When police found the body of Marcela Graciano, a 31-year-old Colombian DJ, last Thursday, the brutality of the crime shocked even them. Her body, found in a house in a suburb of Medellín – Colombia’s second city – revealed signs of torture and her hands had been tied behind her back.
“The body was in an advanced state of decomposition,” the local police chief, Col Rolfy Mauricio Jiménez, said. The Valle de Aburrá municipality has had 11 murders this year, authorities said.
Graciano’s brutal killing marks part of a wider surge of crime across Latin America and the Caribbean, with new research showing that nearly two-thirds of the world’s most dangerous cities for crime are in Latin America, according to the risk analysis firm Verisk Maplecroft.
The study, which used data on crime (such as homicides, theft and property damage), terrorism, civil unrest and conflict, found that eight of the 12 cities that receive the worst possible score for crime are in Latin America. Kabul in Afghanistan and Mogadishu in Somalia are ranked as the world’s most dangerous places when all four security risks were taken into account.
Medellín was believed to have turned a corner after being associated with the violence of the 1980s and 90s, when Pablo Escobar’s feared Medellín cartel ruled swathes of the city and terrorised civilians and the police. But it recorded the highest possible risk score in Verisk Maplecroft’s analysis, alongside San Salvador in El Salvador and Chihuahua in north-west Mexico.
“Medellín is a nucleus of transnational crime networks and that is why it shows in this type of study,” said Pedro Piedrahíta Bustamante, a professor of political science at the University of Medellín, who added that weapons and people willing to use them were in ready supply. “That’s why, despite all the transformations of the last decades, negative indicators of crime persist in the city.”
Colombia’s capital, Bogotá, was flagged by Verisk Maplecroft as one of the top three riskiest for crime of the world’s 30 largest cities, alongside Rio de Janeiro in Brazil and Mexico City.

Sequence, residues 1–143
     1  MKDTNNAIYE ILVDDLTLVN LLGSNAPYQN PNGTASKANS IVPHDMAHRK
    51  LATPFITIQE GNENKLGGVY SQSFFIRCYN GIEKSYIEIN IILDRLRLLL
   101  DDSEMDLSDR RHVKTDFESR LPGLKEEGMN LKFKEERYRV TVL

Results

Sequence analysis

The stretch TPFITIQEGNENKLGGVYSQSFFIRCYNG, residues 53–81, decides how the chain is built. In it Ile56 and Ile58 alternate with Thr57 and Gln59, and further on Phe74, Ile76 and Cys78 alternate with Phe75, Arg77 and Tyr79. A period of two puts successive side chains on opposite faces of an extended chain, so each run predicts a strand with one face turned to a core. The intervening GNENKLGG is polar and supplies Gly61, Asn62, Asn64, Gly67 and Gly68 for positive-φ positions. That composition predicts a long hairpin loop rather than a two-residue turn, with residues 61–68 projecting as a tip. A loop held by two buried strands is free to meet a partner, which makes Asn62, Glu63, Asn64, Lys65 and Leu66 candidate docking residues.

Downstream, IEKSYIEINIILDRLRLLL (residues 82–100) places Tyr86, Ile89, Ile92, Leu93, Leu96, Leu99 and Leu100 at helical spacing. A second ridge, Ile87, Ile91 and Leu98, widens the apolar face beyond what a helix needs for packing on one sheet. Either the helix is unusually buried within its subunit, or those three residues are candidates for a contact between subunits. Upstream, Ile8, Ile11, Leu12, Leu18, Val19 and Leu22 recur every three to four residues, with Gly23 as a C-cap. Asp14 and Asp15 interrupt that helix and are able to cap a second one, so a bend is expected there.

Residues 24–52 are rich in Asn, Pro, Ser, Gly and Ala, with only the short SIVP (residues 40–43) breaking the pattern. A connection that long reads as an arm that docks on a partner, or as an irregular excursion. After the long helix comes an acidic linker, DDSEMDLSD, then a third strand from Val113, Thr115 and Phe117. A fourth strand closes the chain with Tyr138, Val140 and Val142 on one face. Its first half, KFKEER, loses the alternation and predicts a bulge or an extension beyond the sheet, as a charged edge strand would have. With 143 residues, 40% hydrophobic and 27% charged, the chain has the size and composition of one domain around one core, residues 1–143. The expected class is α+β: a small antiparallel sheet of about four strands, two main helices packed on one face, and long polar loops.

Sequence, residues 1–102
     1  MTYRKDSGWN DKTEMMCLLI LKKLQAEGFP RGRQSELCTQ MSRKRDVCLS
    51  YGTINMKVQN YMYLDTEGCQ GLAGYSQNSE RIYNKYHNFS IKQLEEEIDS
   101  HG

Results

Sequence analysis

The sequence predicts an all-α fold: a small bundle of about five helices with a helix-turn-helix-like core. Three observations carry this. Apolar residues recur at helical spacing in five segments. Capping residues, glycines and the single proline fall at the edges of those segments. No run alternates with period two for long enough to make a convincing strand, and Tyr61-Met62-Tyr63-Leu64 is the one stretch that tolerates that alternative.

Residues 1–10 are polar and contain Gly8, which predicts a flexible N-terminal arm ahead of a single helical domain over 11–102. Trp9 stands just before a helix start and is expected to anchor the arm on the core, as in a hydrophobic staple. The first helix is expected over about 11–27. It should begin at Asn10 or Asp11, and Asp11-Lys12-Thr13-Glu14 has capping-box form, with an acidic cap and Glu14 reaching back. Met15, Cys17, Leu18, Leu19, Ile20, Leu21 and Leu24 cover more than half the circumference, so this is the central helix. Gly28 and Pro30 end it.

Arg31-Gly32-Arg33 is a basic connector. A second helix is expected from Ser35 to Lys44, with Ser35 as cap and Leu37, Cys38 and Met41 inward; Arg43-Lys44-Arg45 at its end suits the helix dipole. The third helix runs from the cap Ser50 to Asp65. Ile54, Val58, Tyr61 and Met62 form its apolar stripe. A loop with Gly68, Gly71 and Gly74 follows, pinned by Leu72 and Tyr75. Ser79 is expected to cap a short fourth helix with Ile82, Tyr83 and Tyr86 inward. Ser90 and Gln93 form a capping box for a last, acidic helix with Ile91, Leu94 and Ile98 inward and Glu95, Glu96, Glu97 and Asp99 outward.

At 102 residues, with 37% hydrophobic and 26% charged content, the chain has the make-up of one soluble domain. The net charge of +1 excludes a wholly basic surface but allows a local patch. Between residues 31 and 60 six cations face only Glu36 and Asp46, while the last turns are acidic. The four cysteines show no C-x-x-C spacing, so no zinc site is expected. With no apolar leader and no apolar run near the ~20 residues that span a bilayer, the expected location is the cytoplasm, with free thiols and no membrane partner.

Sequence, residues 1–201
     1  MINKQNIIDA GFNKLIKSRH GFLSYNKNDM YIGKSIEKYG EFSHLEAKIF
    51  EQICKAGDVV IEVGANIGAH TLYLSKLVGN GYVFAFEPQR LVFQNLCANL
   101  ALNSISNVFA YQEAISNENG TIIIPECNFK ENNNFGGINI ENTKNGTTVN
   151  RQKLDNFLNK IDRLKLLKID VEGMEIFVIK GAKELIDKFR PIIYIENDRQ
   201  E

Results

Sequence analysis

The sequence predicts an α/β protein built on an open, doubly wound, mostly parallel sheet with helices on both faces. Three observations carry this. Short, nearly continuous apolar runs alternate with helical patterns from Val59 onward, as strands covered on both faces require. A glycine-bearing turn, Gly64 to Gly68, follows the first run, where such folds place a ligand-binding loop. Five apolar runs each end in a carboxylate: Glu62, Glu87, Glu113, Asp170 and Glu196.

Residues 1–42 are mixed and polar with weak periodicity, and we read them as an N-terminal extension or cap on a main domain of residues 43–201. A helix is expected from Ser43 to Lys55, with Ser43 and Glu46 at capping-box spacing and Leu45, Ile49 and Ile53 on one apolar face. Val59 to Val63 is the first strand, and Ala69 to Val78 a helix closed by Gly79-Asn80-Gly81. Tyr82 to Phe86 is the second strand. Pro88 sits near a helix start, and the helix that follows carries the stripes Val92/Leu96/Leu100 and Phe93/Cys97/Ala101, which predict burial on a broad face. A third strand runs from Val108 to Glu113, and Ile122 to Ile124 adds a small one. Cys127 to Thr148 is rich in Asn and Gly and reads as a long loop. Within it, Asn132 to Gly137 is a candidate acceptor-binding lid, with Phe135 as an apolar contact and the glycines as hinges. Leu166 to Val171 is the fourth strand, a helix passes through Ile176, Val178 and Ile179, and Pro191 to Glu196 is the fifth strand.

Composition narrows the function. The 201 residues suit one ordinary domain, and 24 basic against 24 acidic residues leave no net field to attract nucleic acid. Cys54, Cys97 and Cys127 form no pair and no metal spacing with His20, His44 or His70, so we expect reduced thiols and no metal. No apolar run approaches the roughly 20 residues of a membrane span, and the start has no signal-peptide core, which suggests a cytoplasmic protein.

“I see this neighbourhood through different eyes now,” said Juana San Martín, who was recently robbed at knifepoint in Bogotá, outside her home. A friend who was with her at the time was beaten and knocked to the ground. “It leaves you scared. It brings into reality that all these stories you hear about in the news are happening.”
Cities in Venezuela, which has been racked by widespread crime and political instability, also placed highly, including Barquisimeto, Caracas, Maracaibo, Maracay and Valencia.
Also ranking high on the list is Port-au-Prince, the capital of Haiti, which has been embroiled in gang-related violence for years. The situation in the Caribbean country deteriorated further last year, when the president, Jovenel Moïse, was assassinated in his home in circumstances that remain murky, leaving a power vacuum that is still violently contested.
Amid a spate of kidnappings, robberies and turf wars, many people have fled their homes for makeshift shelters.
Nearly 150 people have been killed in recent weeks in gunfights between warring gangs in Haiti, while Médecins Sans Frontières (MSF) said earlier this month that it had treated more than 96 people with gunshot wounds in its medical facilities in Port-au-Prince since 24 April.
“You can get killed or kidnapped when you leave your house,” Coriolande Auguste, who fled the escalating violence, told the Guardian on a visit to a shelter in the Martissant neighbourhood in the Haitian capital last October. “Who wouldn’t want out of this?”